Just how that occurs, however, remains up for debate. Some proposals seek to skirt the issue of block size entirely by increasing transaction capacity in other ways, and others are seeking to promote a new version of bitcoin that hasn't been approved by the open source protocol's longtime core developers.

But Hearn's complaints were about more than just the merits of proposals for bitcoin's data storage process. He objected to the way that the core developers required "consensus" on every decision, and insinuated that some of them were intentionally stymieing the discussion.

Wary of increased media attention, in part brought about by Hearn, some of the businesses in the bitcoin space have come out in support of a proposal that may attempt to circumvent the core developers. This, in turn, is creating divisions in the community that threaten its growth (although probably not its survival).

"The media has certainly created the perception that bitcoin is stalling or has failed, and that perception was created because a lot of the reporting was based on the claims of one developer," Rizzo said. "That has put political pressure on the industry, given them a problem that is not technical, but purely political."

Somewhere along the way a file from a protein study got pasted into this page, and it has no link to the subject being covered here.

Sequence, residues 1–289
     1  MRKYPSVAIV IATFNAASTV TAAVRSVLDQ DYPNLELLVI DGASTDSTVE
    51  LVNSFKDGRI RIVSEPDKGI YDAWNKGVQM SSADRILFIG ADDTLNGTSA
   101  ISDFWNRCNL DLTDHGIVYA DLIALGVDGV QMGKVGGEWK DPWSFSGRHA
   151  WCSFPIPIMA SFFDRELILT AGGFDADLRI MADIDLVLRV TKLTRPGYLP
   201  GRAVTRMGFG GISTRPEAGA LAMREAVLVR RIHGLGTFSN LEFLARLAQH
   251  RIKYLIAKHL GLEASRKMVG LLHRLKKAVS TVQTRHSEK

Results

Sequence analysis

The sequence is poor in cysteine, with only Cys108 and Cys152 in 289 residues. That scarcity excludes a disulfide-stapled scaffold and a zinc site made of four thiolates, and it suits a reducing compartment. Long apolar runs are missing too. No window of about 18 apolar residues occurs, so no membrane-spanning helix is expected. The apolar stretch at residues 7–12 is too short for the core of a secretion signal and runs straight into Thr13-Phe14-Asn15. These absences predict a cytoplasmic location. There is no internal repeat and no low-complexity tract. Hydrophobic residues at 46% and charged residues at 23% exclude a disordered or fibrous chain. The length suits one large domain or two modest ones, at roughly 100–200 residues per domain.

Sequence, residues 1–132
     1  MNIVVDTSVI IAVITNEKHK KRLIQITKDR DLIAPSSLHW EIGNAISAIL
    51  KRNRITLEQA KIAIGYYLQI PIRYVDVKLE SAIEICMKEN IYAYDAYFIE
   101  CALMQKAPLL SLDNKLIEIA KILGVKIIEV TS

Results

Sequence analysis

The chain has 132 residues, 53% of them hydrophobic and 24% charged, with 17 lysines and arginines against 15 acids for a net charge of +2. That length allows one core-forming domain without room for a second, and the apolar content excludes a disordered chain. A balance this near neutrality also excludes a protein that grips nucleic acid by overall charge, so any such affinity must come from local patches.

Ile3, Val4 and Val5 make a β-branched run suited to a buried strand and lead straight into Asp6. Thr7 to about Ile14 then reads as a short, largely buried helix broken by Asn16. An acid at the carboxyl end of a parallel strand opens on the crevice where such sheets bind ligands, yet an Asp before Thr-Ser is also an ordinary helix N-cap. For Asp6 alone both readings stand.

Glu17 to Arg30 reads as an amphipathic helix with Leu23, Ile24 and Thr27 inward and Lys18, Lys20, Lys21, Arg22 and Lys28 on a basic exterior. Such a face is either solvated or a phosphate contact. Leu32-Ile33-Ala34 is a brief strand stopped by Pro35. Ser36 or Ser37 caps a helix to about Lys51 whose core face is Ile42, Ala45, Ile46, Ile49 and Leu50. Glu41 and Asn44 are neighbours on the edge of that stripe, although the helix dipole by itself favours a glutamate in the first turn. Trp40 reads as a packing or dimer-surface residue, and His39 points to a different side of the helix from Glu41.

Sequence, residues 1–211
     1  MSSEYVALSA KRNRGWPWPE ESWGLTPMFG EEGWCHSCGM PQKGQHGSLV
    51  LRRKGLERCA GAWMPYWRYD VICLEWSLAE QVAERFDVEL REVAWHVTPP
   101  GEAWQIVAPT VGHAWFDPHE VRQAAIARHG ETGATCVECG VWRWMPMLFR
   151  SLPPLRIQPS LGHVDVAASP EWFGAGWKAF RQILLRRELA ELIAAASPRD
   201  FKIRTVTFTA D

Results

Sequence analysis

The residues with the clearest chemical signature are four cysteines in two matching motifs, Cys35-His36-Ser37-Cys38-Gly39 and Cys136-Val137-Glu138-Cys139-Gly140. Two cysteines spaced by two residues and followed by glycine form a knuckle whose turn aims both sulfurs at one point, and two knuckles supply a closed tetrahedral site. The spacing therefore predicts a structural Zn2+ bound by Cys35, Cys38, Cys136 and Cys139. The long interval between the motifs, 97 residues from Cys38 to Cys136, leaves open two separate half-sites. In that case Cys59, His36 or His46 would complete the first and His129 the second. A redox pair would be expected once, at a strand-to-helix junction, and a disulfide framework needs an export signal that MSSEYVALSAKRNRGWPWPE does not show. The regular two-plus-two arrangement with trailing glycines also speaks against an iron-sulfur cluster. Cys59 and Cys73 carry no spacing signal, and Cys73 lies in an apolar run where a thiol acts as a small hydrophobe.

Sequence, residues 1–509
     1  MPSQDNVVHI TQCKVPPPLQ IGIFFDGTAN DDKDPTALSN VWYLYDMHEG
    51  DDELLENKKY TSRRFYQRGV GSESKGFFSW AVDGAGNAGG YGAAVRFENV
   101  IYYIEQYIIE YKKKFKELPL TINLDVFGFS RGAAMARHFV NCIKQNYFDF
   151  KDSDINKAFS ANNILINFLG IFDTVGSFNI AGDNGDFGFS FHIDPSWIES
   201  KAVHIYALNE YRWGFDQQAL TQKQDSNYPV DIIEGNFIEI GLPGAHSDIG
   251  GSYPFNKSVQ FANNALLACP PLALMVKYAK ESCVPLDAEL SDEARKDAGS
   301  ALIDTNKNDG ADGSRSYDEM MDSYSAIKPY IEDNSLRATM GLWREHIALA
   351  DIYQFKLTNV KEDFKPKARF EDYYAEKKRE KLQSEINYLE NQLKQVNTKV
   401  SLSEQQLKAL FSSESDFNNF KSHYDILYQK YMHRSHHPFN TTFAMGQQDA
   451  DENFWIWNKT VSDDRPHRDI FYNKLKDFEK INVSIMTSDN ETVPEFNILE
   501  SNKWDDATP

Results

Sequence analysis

For his part, SIlbert — who is one of the biggest players in the space — said he is declining to take sides, but expects that the community will come to a workable solution.

And while political considerations may rile up the community, it's not immediately obvious that they will lead to the failure of the entire network. In fact, while bitcoin's price saw a big one-day drop after Hearn's exit from about $430 to less than $360, the price has largely recovered to nearly $420.

Daily transactions, number of users, merchant acceptances and venture capital investments have also all hit record highs since the block size debate began, according to Silbert. And while financial professionals outside of the bitcoin community have noticed recent news reports about its supposed failure, he said, those potential investors "are becoming a bit numb to both positive and negative headlines" — a potential sign of maturity in the space.

In fact, when interviewed via email in August, Hearn told CNBC the bitcoin network would continue to function no matter how the block size debate was decided — but its growth could become stalled.

"Well, Bitcoin will still exist no matter what happens. But obviously if there's no chance of growth and the community decides to follow the Bitcoin Core developers (without even knowing who exactly is in that group), then a whole lot of other developers and entrepreneurs will leave," Hearn said. "Because you can't build a successful business on an infrastructure with no chances of growth."

But even if the current debates, and Hearn's exit, are not bitcoin's death knell, that doesn't mean the digital currency is destined for long-term success.

"I still maintain that, from the price perspective, bitcoin has a binary outcome: It is either going to zero or it's going much higher," Silbert said. "Discussions and debates are just a healthy part of the process."